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Schwarzenegger’s Climate Team Further Implodes 
Editorial, The Bakersfield Californian, 19 July 2007
Ethanol Mandates Pose Grave Risk to Chesapeake Bay 
David Fahrenthold, Washington Post, 17 July 2007
New UK Science Chief Advocates Humans Stop Reproducing to Fight Global Warming 
Robin McKie, The Observer, 22 July 2007
Lunacy of EU Climate Change Laws 
Christopher Booker, Sunday Telegraph, 23 July 2007
Inconvenient Truth’s Carbon Footprint 
Steven Milloy, Foxnews.com, 19 July 2007
Are We Falling for the Great Green Con? 
Editorial, thisislondon.co.uk, 23 July 2007
Kyoto Anniversary: What It Means Today 
Myron Ebell, Human Events, 25 July 2007
Enviros Challenge Coal Energy in Texas 
AP, Dorbes.com, 24 July 2007
Inside the Beltway
CEI’s Myron Ebell
Senators Joseph Lieberman (I-Conn.) and John Warner (R-Va.) have begun to write a cap-and-trade bill to reduce greenhouse gas emissions that they hope everyone can love. They are chairman and ranking Republican respectively on the subcommittee of the Environment and Public Works Committee which has jurisdiction over the issue, so what they decide is important.
At a subcommittee hearing on July 24, they announced that they intend to release a draft summary of their bill before the August recess, then introduce the bill when the Senate returns in early September, and mark it up in subcommittee before the end of September. That is an ambitious schedule, and schedules usually tend to slip in the Senate, but that is their plan.
Warner also released an amendment that is designed to limit the costs of complying with mandated emissions reductions under a cap-and-trade scheme. It includes a credit card, so that if the price of carbon credits exceeds official government estimates, companies could charge for the credits they need and pay for them later plus interest. Warner's proposal would also create a Carbon Market Efficiency Board, designed along the lines of the Federal Reserve Board.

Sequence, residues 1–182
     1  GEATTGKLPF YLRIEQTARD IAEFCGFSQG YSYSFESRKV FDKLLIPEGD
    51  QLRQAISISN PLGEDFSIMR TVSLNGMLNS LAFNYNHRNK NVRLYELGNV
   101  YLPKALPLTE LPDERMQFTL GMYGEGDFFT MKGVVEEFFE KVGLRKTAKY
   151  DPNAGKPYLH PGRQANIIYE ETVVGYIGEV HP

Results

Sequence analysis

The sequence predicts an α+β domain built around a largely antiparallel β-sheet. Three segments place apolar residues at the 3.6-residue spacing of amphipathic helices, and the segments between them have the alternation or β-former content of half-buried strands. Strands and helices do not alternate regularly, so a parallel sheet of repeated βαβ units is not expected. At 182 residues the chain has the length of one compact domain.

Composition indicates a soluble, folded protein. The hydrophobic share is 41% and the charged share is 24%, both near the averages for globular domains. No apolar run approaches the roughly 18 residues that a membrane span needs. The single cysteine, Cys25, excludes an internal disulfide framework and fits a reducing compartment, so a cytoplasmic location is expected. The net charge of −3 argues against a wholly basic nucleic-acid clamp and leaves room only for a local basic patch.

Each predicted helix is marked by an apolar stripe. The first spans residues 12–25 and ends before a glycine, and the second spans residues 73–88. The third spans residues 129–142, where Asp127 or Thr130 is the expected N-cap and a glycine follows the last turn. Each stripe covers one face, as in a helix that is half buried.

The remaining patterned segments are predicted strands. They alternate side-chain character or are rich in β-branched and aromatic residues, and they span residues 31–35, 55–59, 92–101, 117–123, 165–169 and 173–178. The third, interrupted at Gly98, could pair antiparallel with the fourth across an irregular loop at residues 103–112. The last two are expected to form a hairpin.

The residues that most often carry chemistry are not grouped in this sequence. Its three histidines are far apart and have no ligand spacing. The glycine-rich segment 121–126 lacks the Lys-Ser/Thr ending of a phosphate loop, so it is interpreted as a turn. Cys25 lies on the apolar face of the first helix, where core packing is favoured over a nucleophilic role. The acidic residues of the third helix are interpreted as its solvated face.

Warner is trying to find an alternative to the cap-and-trade bill introduced recently by Senators Jeff Bingaman (D-NM) and Arlen Specter (R-Pa.). Their bill, S. 1766, includes a safety valve price for carbon credits of 12 dollars per ton of CO2. Most environmental pressure groups and Senator Barbara Boxer (D-Calif.), chairman of the Environment and Public Works Committee, are adamantly opposed to a safety valve. Warner's alternative will test whether they are opposed to any limits on costs.
The House Democratic majority leadership announced on Monday that it will bring anti-energy legislation to the floor for debate and a final vote next week. But they are still arguing over what should be in the bill(s) and what amendments they will allow to be offered. So I have little to report. The bad news is that it will all be bad. The good news is that the Congress is scheduled to leave for their August recess at the end of next week.
CEI is circulating a joint letter on some of the possible key provisions in the anti-energy package for signatures by non-profit groups, which will be sent to members of the House when the debate begins next week. If your group is interested in signing the letter, contact CEI at email@example.com .
Across the States
American Legislative Exchange Council’s Dan Simmons